Day 6: Introduction to Tang Soo Do
Background: Tang Soo Do (pronounced tan-soo.doh) is a karate-based Korean martial art incorporating fighting principles from subak, as well as northern Chinese martial arts. The techniques of what is commonly known as Tang Soo Do combine elements of shotokan karate, subak, taekkyon, and kung fu (it’s dope). Encinitas Karate is the only 100% women owned Karate gym in the region, and they offer classes from ages beginning as young as 3 years old.
If you only read one thing here please read our interview with Santhi below. She tells her incredible story of her time in Malaysia and how she began her road to becoming a Black belt.
Hell yeah. Karate is so sick. When Sam and I formulated 100 Days of Fitness, doing things like midday-Karate is exactly what I envisioned. I should confess: I did take a few classes back in the day (*18 years ago). But, this [Encinitas Karate] class was different compared to my last karate class, which ended with me taking my unbreakable wood plank home and crying. While that day I swore off karate for this life and the next, working at Encinitas Karate with Owner Santhi Castle (SAN-TEE) reformed my seemingly unshakable animosity towards the practice. But I don’t hold grudges.
We arrived for the 12 pm class (Santhi teaches all noon classes) and Santhi immediately spotted us as novices. She made us feel welcome and prepared us for a class filled with: front kicks, roundhouse kicks, side kicks, punches, push ups, abs, burpees, and more. There’s something oddly relaxing when kicking the bag as hard as you can — especially when you are encouraged to scream while doing it. Thank god there weren’t any children in the class today.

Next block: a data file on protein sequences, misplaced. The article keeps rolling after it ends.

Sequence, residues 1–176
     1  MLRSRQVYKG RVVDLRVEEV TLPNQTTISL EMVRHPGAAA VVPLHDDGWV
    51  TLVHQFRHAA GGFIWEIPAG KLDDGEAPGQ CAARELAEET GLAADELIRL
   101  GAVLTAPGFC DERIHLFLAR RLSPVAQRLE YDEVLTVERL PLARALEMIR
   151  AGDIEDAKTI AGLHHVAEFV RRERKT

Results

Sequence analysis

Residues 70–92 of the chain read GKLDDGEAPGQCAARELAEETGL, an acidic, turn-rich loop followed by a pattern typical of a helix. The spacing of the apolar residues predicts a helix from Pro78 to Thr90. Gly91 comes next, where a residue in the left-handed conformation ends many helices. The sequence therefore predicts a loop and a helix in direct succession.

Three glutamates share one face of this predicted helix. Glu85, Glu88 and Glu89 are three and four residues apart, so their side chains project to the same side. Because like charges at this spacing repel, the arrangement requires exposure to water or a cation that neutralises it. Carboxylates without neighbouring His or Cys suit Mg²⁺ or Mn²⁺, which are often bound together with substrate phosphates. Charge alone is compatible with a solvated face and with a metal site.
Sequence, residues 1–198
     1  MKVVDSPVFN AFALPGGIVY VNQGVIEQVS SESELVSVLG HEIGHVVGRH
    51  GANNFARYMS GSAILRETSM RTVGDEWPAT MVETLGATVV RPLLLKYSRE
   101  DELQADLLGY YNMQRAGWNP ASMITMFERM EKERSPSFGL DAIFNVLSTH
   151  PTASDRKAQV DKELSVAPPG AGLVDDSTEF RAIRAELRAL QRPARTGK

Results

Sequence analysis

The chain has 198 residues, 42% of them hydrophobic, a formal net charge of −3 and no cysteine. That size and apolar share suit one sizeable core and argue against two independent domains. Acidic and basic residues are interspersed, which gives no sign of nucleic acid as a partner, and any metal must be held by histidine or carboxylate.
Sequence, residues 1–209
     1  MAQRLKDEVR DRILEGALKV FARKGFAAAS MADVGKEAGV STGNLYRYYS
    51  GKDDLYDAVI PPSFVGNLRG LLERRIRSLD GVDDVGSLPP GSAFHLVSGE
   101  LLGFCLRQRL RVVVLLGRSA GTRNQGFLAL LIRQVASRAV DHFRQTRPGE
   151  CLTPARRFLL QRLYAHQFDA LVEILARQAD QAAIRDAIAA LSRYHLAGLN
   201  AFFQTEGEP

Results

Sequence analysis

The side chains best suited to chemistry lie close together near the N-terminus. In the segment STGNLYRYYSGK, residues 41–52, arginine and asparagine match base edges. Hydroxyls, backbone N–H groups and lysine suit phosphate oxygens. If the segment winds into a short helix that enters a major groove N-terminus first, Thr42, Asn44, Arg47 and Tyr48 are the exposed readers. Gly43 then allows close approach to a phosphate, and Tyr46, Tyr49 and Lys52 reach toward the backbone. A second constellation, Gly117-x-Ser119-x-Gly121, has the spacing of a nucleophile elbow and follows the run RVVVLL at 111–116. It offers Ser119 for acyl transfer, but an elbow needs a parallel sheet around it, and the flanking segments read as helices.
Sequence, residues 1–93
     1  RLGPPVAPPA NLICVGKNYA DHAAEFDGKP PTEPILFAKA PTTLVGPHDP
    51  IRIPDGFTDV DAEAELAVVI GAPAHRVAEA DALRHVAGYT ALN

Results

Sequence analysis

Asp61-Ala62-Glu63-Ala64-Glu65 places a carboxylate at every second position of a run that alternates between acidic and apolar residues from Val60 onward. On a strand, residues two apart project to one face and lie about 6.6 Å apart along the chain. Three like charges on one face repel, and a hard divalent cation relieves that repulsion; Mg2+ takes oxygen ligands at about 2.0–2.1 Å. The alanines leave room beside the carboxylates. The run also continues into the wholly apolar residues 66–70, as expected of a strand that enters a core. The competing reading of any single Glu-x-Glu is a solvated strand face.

Your mind is your worst enemy. It can stop you from doing whatever you want or try to do.
While physically exhausting, it wasn’t all about the work out. We focused not just on technique, but the mental state necessary to improve. Santhi stressed the importance of taming your mind, “Training your mind is as easy as taming a monkey.” You’re telling me, Santhi.
Santhi is an amazing instructor and person. She took us under her arm and let Sam and I kick and scream our way through the entire class (literally). I laid on my back in a pool of my own sweat and wondered where I’d be if I hadn’t cried my way home after failing to break the board in class — probably in the same spot but a boy can dream.
The class was fantastic. I even got to fight Sam, so huge win for Team DB. Day 6 was another success for the movement, but our legs definitely lost the battle. You can find more info about Encinitas Karate here.
Editor’s note: I ended up breaking the plank the next day, but I’m 98% sure my mom scaled a line down the middle to make it easier. Thing was rock solid though.
Meet the Owner
Santhi Castle: @encinitaskarate
How did you get started with Tang Soo Do?
I am from Malaysia, so when I was young I saw women being beaten all the time. As a woman in the culture, even if you’re husband beat you up you don’t fight back, but I was different. I didn’t like what I saw. One evening as a child I was sitting on my father’s lap watching a Bruce Lee movie, and once I saw him fight it all clicked, “That’s it.” As a poor family you all have to work, so when I was 10 years old I worked as a maid to pay for my martial arts training. I joined a studio with my best friend as the only two girls, and we began our training.
What brought you to San Diego to open up Encinitas Karate?
Life. I was married to an American and I moved here with my son. I had always dreamed of owning my own studio, and in Malaysia that is unheard of — impossible. For a woman to run a martial arts studio [in Malaysia], you won’t be successful because of how they see women. When we came here I saw what women can do, and I knew there was an opportunity.
What are the benefits of Karate?
It can be intimidating, but let’s use myself as an example. I’m a 124 lb woman, and a man comes in, what’s there to be intimidated about? I make each and every student comfortable. I am humble and friendly so none of my students are intimidated. I’ll start with you and I’ll start slow. We’ll work on each small technique one at a time, and they soon realize they can do it.
Share your experience with the hashtag #100VizerDays or meet us at the studio to join in on the fun! Up next is Orange Theory in Point Loma!